Ladurée’s Financier Pistache
It feels good to be back in baking again, after an almost month-long hiatus. Been busy with a trail of Asian delights from Cantonese claypot rice to Hainanese Pork Chops, and not to forget a couple of Asian desserts along the way. Quite a walk down memory lane to prepare dishes which I’d learnt to prepare years back, but have not gotten a chance to reprise them over the last year or so, well since the passing of my mother actually. So it felt really warm and nostalgic to get in touch with my culinary roots again, with dishes that ignited my love for food and cooking many moons back. But life has to move on, so here I am back again, having fun once more with flour, eggs, butter and sugar! First off with a simple petit four, Ladurée’s Financier Pistache…
Financiers are really delicious little french teacakes which I’d taken quite a personal liking for. I prefer them over madeleines actually and hence make them more often than the latter, though the two are methodically not very dissimilar. Prior to trying out Ladurée’s recipe, I’d made Pierre Hermé’s Financier Carré Blanc and Sadaharu Aoki’s Financier au Mâcha Salè before, both of which have their hits and misses. So the hunt for the perfect financier recipe goes on. And Ladurée’s recipe book “Sucré” has been severely under-utilised since I’d gotten it last year. I’d made only one recipe from there, Ladurée’s Tartelettes Croustillantes Abricots ou Cerises. And it was such a beautiful recipe that I’d wish I’d the time to make more from the lovely book. Alas the “wait” is finally over…
Ladurée’s Financier Pistache (makes about 20 large financiers or 40 small ones) adapted from Ladurée’s recipe book “Sucré”
125g beurre noisette * (from 150g of unsalted butter)
55g icing sugar
50g cake flour
60g ground pistachios*
1/5 tsp baking powder
140g egg whites, appro. 4 eggs
25g pistachio paste
100g whole pistachios, coarsely chopped
*modified components from original recipe
The day before, prepare the financier batter.
First prepare beurre noisette. Place 150g of unsalted butter in a light-coloured base saucepan and heat to melt and brown butter. Strain thoroughly, measure out 125g and set aside to cool.
In a large mixing bowl, sift icing sugar, cake flour, ground pistachios, baking powder and give the dry ingredients a good mix to incorporate.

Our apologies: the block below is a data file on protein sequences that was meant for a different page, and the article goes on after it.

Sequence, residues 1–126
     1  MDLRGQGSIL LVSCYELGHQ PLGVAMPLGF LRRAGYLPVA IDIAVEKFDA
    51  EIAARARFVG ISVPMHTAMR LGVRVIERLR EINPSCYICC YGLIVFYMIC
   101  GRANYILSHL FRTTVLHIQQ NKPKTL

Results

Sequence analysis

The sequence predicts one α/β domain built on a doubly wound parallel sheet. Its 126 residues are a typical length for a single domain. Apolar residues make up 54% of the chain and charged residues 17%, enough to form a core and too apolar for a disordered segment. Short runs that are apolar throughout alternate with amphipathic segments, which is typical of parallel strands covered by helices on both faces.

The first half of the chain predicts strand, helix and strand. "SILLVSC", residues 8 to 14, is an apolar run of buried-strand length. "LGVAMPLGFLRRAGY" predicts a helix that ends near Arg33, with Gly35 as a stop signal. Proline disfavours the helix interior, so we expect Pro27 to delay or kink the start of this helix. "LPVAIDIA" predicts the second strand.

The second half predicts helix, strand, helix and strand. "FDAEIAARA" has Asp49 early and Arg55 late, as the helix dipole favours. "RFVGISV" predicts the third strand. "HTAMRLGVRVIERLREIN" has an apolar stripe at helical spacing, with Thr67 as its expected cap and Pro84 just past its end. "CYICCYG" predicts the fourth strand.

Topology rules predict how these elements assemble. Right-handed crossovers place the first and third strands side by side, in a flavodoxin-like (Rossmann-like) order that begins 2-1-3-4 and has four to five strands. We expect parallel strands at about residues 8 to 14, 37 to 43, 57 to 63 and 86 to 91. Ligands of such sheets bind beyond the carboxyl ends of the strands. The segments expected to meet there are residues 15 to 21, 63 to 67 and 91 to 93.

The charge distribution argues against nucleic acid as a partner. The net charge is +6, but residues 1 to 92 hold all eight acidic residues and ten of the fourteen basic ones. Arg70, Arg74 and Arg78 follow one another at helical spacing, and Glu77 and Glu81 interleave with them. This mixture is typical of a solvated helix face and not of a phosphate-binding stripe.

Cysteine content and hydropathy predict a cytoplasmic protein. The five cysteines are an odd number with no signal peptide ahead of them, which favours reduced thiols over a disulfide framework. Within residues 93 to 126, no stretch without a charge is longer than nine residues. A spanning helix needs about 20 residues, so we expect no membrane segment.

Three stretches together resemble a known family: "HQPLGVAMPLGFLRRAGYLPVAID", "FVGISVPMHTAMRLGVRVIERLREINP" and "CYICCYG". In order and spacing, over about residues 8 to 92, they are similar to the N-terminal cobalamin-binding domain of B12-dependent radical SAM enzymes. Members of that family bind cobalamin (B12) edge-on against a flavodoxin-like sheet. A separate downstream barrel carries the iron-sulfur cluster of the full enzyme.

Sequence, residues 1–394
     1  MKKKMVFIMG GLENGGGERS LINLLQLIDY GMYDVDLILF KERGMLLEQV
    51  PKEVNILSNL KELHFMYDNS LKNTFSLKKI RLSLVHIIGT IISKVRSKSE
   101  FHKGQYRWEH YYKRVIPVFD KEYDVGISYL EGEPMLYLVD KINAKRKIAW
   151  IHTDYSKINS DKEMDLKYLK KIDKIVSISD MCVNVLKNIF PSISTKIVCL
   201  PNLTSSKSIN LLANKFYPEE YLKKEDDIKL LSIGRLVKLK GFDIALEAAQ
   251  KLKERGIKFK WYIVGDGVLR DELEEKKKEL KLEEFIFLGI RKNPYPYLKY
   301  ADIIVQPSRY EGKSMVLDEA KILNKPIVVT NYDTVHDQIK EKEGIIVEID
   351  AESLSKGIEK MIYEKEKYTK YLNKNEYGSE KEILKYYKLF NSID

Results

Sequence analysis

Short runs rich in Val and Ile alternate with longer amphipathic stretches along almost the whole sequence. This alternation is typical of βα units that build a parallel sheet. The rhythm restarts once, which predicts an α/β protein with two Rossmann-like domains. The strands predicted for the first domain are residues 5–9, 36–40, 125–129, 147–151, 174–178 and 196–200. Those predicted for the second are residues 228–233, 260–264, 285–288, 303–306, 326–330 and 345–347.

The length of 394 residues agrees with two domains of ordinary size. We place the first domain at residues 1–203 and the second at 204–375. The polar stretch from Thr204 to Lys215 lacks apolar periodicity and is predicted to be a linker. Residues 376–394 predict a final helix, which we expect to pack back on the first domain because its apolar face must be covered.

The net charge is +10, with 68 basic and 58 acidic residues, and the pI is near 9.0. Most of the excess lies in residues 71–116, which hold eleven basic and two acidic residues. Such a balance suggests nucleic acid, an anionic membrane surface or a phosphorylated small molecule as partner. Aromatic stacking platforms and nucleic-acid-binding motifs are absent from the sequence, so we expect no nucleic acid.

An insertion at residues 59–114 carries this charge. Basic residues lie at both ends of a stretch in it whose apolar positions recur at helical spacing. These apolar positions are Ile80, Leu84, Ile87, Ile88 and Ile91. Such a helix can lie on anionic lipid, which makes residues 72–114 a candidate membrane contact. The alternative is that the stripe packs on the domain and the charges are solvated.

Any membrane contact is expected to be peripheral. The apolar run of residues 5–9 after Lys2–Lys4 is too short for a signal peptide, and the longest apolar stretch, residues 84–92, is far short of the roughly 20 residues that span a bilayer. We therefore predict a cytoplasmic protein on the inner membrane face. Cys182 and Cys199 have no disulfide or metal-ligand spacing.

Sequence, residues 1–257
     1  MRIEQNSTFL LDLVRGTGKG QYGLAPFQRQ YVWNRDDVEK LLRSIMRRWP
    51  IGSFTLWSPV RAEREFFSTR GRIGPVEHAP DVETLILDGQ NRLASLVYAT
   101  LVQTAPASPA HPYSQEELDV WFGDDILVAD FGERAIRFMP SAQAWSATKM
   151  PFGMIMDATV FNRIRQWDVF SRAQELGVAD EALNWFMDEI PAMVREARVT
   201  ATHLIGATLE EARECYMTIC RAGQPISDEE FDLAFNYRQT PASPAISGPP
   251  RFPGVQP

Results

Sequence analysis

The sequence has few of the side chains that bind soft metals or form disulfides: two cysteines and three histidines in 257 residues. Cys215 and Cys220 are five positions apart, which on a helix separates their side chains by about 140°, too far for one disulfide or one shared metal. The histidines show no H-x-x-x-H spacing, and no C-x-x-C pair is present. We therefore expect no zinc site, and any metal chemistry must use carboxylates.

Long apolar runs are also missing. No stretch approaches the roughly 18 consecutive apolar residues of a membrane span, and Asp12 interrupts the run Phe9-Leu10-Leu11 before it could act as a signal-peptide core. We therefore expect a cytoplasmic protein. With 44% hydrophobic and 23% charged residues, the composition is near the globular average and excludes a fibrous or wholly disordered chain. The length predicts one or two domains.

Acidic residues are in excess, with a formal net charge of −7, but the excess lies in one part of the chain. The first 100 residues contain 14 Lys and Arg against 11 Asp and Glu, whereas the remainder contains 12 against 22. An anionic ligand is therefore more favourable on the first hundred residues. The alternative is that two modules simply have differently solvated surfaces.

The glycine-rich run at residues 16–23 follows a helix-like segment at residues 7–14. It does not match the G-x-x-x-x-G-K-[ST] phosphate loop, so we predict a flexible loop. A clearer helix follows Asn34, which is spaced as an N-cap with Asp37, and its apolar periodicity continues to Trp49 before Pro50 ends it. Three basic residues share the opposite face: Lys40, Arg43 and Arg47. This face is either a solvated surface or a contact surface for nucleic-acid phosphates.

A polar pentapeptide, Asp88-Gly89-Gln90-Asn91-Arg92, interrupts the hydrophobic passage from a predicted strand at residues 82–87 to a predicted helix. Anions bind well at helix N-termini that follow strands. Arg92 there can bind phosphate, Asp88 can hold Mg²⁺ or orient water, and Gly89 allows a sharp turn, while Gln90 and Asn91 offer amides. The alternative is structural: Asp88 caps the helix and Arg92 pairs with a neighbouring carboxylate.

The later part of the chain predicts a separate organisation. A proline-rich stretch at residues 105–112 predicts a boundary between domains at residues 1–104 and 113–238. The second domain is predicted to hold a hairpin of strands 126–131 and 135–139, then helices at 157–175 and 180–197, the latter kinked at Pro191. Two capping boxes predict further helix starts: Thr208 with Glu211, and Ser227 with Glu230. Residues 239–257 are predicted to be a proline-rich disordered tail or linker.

Add egg whites, one at a time, stirring thoroughly with each addition to enjoy that the egg whites are well homogenised with the dry ingredients mixture.
In a small bowl, thin the pistachio paste with a small portion of the above batter concoction and return the more fluid pistachio paste into the remaining batter, together with the lukewarm beurre noisette. Mix everything thoroughly and cover bowl with clingfilm.
Store batter in fridge for at least 12 hours, preferably overnight.
The next day, bake the financiers.
Preheat oven to 210C.
Grease pistachio moulds evenly with melted butter or canola oil spray and pipe in rested financier batter until the moulds are 80% full.
Sprinkle with chopped pistachio nuts
Bake for 7-8 min. Leave to cool down before demoulding.
Serve with tea.
I’d made several modifications to Ladurée’s original recipe, most notably with the replacement of unsalted butter with beurre noisette. It requires an additional step of clarifying the butter to separate the milk solids from the lipids and subsequently browning it. The product lends such a wonderful nutty aroma to the financier is it almost a sin not to use it!
Next, I’d replaced the ground almond in the original recipe with more ground pistachio, making this teacake an “all pistachio experience”. And of course, über green sicilian pistachios were used, but you already know that don’t you? :) Since this is a Financier Pistache after all, might as well right? :)
Lastly of course, is the embellishment of the teacake batter with more chopped pistachio. The crunchy bite from the roasted nuts lend a lot of texture as well as all that lovely nutty and smokey aroma, making the flavour profile more complex, and definitely more alluring!
I’d used a mixture of standard sized moulds for the classic financiers, as well as a silicon one for the small financiers. Ironically, I prefer the silicon one as they seem to look better to me. The metal ones also tend to produce financiers which seem to brown too much on the sides. The silicon ones, on the other hand are more evenly baked! As much as I hate to say this, but unless you are looking for financiers with a slight crisp on the exterior, silicon moulds seem to work really well…
Overall, I quite enjoyed this financier, whose textures are somewhat of a hybrid between Pierre Herme and Sadaharu Aoki’s versions. Light and delicate but not too soft and fluffy. The robust flavours from pistachio paste and ground pistachios were really wonderful and I would definitely reprise this “all pistachio experience” if I were to make it again!
Pierre Hermé’s Financier Carré Blanc
Sadaharu Aoki’s Financier au Mâcha Salè
Ladurée’s Tartelettes Croustillantes Abricots ou Cerises
Pierre Hermé’s Madeleine Vanille
Ladurée – Macaron Citron & Macaron Framboise
Macarons from Pierre Hermé and Ladurée – a Sneak Preview